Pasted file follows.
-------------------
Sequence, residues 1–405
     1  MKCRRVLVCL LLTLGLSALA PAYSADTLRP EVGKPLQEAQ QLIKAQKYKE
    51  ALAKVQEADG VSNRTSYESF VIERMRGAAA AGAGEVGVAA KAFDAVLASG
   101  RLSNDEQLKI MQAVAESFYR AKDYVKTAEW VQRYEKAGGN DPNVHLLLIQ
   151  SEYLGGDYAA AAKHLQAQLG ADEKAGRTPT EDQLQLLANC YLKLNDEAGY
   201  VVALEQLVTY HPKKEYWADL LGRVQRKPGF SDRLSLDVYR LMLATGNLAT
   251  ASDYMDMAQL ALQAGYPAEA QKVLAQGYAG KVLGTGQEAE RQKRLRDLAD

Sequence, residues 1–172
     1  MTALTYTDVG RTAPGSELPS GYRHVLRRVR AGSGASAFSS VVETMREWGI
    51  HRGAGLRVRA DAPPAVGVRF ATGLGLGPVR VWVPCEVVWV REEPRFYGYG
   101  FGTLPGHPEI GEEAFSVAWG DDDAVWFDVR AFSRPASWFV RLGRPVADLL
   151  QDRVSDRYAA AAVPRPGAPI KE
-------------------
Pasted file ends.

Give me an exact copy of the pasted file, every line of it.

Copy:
Sequence, residues 1–405
     1  MKCRRVLVCL LLTLGLSALA PAYSADTLRP EVGKPLQEAQ QLIKAQKYKE
    51  ALAKVQEADG VSNRTSYESF VIERMRGAAA AGAGEVGVAA KAFDAVLASG
   101  RLSNDEQLKI MQAVAESFYR AKDYVKTAEW VQRYEKAGGN DPNVHLLLIQ
   151  SEYLGGDYAA AAKHLQAQLG ADEKAGRTPT EDQLQLLANC YLKLNDEAGY
   201  VVALEQLVTY HPKKEYWADL LGRVQRKPGF SDRLSLDVYR LMLATGNLAT
   251  ASDYMDMAQL ALQAGYPAEA QKVLAQGYAG KVLGTGQEAE RQKRLRDLAD

Sequence, residues 1–172
     1  MTALTYTDVG RTAPGSELPS GYRHVLRRVR AGSGASAFSS VVETMREWGI
    51  HRGAGLRVRA DAPPAVGVRF ATGLGLGPVR VWVPCEVVWV REEPRFYGYG
   101  FGTLPGHPEI GEEAFSVAWG DDDAVWFDVR AFSRPASWFV RLGRPVADLL
   151  QDRVSDRYAA AAVPRPGAPI KE